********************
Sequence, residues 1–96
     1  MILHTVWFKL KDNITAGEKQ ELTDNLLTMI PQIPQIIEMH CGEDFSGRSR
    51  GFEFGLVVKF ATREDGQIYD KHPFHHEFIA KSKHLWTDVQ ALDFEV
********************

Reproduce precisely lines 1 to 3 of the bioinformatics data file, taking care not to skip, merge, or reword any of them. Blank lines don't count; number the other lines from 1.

Sequence, residues 1–96
     1  MILHTVWFKL KDNITAGEKQ ELTDNLLTMI PQIPQIIEMH CGEDFSGRSR
    51  GFEFGLVVKF ATREDGQIYD KHPFHHEFIA KSKHLWTDVQ ALDFEV